• Humongous Mecha:
  • Malevolent Architecture: The wheel of death in "The Bunker" level.
  • Ominous Russian Chanting: The Battle on the Ice, which is played during the final stage and many a custom level. Also would have had hints of ominous Arabic chanting if it wasn't for the aforementioned bowdlerization.
  • One-Woman Wail: "Cries in the Wind".
  • Remilitarized Zone: Most of The Wilderness.
  • Rescue Romance: One of the trailers subverts this at the end.
  • Ridiculously Cute Critter: The Sackboys and Sackgirls even spend much of their time with their mouths open, possibly with their tongues hanging out like little happy puppies.
  • Shifting Sand Land: The Canyons.
  • Sinister Subway: The second level of the Metropolis is a subway without the "sinister".
  • Slippy-Slidey Ice World: The Wilderness.
  • Stuff Blowing Up: Boom Town. Goodbye patience!
  • Worthy Opponent: Ze Dude sees the Sackpeople as this.
  • Wutai: The Islands.

Tropes present in LittleBigPlanet 2[edit | hide]

  • The Ace: Avalon Centrifuge.
  • Advancing Boss of Doom: Copernicus the Guard Turkey, of the "run away until you win" type.
  • Asteroids Monster: The fifth boss.
  • Awesome McCoolname: Most characters, but Avalon Centrifuge really takes the cake.
  • Background Boss: The Negativatron, in two of his 3 phases.
    • Not really, since him dropping his head hurts you, meaning he's on the same layer and technically not in the background.
    • But LBP only has 3 layers anyways, so the fight's about as close to a Background Boss as you can get.
  • Big Bad: The Negativatron.
  • Big Good: Larry Da Vinci.
  • Blackout Basement: A part of "Fireflies When You're Having Fun" is lit only by the flaming flies.
  • The Cameo: Most of the NPCs from Little Big Planet 1 show up at Eve's Asylum, apparently having been driven mad by the Negativatron's virus.
  • Ceiling Cling/Wall Crawl: The Attract-O-Gel material and Attract-O-Tweaker from the Muppets DLC pack enable both of these abilities.
  • Charlie and the Chocolate Parody: Part of Victoria's Laboratory drifts into this.
  • Cloudcuckoolander: Dr. Higginbotham. Even when cured of his mental illness, he is still pretty out there.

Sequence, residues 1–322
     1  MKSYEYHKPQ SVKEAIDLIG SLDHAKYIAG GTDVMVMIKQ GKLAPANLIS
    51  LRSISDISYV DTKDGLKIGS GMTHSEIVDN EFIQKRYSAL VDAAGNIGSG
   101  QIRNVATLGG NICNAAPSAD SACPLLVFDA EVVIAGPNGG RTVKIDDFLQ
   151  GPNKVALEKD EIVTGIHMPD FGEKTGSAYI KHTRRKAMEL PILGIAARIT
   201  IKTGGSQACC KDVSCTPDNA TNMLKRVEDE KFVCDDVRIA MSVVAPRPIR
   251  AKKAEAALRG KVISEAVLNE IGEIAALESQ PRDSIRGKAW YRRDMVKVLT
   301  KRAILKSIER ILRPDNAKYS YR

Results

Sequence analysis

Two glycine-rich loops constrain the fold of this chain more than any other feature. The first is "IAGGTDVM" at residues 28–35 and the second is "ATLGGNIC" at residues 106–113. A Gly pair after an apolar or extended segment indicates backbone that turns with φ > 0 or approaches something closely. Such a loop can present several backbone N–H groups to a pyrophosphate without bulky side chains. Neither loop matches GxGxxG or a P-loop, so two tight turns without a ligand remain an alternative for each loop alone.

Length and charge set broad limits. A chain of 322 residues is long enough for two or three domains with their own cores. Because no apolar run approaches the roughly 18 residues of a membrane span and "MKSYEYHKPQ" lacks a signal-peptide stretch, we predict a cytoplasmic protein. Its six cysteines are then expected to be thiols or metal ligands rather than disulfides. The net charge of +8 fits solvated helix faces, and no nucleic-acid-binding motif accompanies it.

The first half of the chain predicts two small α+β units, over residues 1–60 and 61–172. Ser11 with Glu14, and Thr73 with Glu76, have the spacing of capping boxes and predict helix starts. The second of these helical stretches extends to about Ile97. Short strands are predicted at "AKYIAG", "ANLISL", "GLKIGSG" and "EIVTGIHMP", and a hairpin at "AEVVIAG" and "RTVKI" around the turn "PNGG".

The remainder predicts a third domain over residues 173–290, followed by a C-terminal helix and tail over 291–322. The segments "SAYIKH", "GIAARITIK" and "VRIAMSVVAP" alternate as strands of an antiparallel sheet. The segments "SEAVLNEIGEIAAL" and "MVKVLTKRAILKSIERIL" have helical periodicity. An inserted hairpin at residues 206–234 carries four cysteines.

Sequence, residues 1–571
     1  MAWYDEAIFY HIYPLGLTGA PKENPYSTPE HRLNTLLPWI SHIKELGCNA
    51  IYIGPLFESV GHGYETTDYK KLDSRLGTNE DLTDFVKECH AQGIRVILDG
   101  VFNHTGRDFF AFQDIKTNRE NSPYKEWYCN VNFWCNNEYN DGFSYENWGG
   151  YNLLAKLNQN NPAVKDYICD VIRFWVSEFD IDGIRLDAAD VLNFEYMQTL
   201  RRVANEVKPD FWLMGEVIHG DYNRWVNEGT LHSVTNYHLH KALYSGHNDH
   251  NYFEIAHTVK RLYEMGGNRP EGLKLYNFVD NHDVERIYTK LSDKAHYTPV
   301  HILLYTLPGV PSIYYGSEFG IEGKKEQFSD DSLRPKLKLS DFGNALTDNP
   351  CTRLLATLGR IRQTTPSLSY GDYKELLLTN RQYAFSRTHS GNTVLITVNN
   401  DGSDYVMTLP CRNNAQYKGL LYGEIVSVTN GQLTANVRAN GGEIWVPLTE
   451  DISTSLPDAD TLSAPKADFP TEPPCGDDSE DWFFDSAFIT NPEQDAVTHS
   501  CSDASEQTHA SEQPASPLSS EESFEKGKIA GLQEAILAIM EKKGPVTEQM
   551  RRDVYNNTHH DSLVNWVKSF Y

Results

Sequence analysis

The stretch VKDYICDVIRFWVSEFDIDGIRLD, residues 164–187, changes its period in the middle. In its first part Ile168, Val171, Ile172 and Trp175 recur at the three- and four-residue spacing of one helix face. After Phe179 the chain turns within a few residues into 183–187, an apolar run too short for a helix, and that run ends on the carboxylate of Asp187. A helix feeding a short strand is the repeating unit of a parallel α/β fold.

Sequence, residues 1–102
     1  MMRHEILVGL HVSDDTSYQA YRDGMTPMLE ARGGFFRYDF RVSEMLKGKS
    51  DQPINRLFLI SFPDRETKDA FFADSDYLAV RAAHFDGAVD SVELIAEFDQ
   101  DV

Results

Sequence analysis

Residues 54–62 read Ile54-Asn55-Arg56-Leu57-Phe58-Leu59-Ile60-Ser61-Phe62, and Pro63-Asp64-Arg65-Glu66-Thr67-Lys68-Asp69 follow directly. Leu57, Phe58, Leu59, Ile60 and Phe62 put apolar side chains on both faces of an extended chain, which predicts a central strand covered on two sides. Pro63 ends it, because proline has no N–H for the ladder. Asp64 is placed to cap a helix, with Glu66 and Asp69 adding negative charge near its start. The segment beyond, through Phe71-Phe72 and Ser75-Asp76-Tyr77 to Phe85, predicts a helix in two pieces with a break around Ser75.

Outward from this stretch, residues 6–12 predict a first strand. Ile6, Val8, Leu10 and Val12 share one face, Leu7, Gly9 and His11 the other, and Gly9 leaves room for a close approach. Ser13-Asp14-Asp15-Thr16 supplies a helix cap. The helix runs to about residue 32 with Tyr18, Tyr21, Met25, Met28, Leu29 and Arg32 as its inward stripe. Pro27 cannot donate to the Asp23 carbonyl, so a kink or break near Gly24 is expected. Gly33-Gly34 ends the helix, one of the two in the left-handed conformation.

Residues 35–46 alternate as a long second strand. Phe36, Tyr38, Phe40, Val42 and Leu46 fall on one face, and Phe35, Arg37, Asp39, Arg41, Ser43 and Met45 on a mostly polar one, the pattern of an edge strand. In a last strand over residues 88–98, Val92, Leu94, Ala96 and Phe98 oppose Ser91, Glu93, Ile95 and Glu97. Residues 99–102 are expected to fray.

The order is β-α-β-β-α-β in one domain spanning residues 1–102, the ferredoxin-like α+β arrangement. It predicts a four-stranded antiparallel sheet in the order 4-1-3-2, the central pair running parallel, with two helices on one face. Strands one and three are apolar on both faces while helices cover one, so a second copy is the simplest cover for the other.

• Colossus Climb: The giant robot near the end of the game.
  • Crapsack World: The Factory of a Better Tomorrow, since that the Negativitron destroyed it and made the only inhabits Clive and the brainwashed Sackbots
  • Darker and Edgier: It's still pretty adorable, but you're fighting an Eldritch Abomination with elements of The Corruption this time around, and the game actually has a plot.
  • The Dev Team Thinks of Everything: In Pipe Dreams, there is a symbol of a fist, where you are supposed to make the index and ring fingers rise to create the hand that rockers use. If you make the middle finger rise, a "Denied" box appears over the finger before it fully rises.
  • Down in the Dumps: The final level of The Factory of a Better Tomorrow and the levels of The Cosmos that are on the Negativitron.
  • The Eeyore: Clive Handforth.
  • Eldritch Abomination: The Negativatron. Think of it as a giant purple space vacuum cleaner. That's just its head- the last levels of the game take place on the actual body of the Negativitron.
    • Arguably Sackboy, after you get the tentacles outfit.
  • Eternal Engine: The Factory of a Better Tomorrow, and the inner parts of Victoria's factory.
  • Face Ship: The Huge Spaceship, which has Sackboy's face on it.
  • Feathered Fiend: Copernicus the Guard Turkey.
  • Five-Man Band: The Creators form one.
  • Game Breaking Bug: Two bugs in fact, one is the "Spawn-pop Cancer", caused by resizing your Sackperson which causes your character to no longer spawn in levels, figuratively breaking the game. The second is called the "New Era" and also causes your Sackperson to not spawn, but can be contracted like a virus from a level that was created by a person infected with the bug.